Citrix Systems (CTXS) - Get Citrix Systems, Inc. Report shares slid Thursday, as analysts reacted negatively to the enterprise software company’s announcement that CEO David Henshall is exiting immediately.
The company hasn’t named a permanent replacement yet. It appointed Board Chairman Bob Calderoni, as interim CEO.
Citrix also forecast third-quarter revenue will hit the midpoint to high end of its previous range of $765 million to $775 million.
In September, Bloomberg reported that Citrix was thinking of looking for a buyer.
In response to the fresh news, Citigroup analyst Tyler Radke cut his rating to neutral from buy and slashed his price target to $114 from $140.
Citrix recently traded at $104.97, down 1%, on a day that the S&P 500 rose 1%.
Citrix shares finished the day off $1.75, or 1.65%, to end at $104.21.
“We see a much less appealing risk/reward with fewer near-term catalysts to the value-creation story and increasing competitive concerns,” Radke wrote in a commentary, according to Barron’s.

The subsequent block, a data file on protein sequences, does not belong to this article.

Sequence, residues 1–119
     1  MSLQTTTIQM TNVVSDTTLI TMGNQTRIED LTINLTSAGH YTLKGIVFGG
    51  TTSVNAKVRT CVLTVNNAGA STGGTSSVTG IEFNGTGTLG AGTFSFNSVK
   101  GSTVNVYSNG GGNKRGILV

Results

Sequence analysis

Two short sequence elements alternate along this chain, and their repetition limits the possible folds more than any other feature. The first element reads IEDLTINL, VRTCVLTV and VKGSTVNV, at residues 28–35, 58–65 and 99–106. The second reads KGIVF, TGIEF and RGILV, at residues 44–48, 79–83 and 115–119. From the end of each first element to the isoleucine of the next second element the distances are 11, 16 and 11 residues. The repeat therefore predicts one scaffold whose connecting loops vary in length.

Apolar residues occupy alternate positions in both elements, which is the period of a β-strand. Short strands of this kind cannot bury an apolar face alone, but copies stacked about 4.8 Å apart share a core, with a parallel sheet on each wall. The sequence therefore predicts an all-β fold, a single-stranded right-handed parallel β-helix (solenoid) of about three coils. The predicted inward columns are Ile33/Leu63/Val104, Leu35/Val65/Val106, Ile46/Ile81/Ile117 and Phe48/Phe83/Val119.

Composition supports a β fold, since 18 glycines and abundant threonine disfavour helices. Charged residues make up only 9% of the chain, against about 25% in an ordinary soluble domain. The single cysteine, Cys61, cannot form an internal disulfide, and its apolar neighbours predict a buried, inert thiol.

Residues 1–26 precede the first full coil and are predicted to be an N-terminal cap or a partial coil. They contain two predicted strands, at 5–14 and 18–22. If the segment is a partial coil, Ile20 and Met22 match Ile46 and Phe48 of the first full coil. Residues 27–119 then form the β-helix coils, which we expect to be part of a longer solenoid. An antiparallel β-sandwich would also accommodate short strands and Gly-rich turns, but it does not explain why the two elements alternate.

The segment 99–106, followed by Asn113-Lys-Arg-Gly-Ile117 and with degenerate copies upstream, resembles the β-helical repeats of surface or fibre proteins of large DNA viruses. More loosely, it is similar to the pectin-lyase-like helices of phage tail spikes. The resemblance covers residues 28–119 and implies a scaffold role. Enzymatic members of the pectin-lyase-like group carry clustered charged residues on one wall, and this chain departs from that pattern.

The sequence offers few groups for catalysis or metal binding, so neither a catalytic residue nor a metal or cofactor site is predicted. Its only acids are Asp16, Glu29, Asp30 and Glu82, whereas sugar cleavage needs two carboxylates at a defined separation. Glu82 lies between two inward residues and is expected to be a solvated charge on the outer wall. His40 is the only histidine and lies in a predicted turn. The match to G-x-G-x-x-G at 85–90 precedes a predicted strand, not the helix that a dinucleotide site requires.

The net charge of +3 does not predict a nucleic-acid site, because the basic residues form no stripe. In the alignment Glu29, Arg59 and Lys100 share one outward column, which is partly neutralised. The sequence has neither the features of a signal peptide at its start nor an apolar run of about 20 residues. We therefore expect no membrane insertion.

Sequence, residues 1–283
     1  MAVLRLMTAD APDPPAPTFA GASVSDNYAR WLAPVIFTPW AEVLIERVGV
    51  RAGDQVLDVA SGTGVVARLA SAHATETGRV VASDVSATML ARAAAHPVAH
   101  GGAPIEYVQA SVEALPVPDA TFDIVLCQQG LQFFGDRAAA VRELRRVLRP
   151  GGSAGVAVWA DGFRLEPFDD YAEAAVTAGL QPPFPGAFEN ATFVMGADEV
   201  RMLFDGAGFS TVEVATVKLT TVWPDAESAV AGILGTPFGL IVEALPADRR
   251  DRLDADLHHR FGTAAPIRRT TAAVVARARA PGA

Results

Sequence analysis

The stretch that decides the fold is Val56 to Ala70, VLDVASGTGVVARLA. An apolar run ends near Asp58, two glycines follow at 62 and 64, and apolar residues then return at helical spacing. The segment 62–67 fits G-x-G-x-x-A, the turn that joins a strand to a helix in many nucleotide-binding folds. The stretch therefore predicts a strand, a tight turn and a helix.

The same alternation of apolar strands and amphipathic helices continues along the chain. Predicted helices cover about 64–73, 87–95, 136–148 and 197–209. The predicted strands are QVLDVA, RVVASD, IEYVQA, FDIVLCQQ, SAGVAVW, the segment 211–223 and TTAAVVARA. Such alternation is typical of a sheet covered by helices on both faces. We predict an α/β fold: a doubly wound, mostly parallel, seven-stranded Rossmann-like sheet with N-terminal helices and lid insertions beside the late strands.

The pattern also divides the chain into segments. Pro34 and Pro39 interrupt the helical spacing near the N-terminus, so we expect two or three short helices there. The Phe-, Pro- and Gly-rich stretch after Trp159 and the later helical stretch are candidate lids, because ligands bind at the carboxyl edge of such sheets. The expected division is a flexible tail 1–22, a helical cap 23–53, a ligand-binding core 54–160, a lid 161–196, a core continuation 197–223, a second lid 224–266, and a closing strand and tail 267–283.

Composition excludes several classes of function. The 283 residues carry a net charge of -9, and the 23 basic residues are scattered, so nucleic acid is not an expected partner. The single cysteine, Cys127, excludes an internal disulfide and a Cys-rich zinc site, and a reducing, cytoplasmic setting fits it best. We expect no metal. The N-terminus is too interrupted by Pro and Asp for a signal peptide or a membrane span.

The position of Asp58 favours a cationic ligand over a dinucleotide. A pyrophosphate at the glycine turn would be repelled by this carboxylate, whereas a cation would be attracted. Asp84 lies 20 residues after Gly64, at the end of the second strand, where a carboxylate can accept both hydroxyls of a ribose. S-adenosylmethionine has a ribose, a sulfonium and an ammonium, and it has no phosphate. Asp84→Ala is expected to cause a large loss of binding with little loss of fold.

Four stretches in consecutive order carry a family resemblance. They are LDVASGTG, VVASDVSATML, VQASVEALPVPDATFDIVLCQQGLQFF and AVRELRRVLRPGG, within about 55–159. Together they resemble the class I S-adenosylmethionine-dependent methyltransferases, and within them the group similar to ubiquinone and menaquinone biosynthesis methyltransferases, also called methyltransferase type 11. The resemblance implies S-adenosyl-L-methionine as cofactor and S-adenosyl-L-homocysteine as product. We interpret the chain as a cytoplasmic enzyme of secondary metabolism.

The CEO change indicates Citrix hasn’t found a buyer and may not be able to reach its long-term financial targets, he said.
Citrix has shifted its operations to the cloud at the same time as it tries to speed revenue growth and increase profit margins.
But when software companies redirect to the cloud, revenue growth generally slows down and profitability suffers, says Morgan Stanley analyst Sanjit Singh, according to Barron’s.
He rates Citrix equal weight with a $90 price target.
To be sure, not everyone was downbeat. Morningstar analyst Dan Romanoff puts fair value at $125 per share for the stock.
“We think this leadership transition will be smooth, as Calderoni has been on the board at Citrix since 2015, including as Executive Chairman or Chairman for that entire span, and served as the interim CEO for three months in late 2015,” he wrote Wednesday.
“Despite the revolving door, we think Citrix will be able to attract a high-caliber leader.”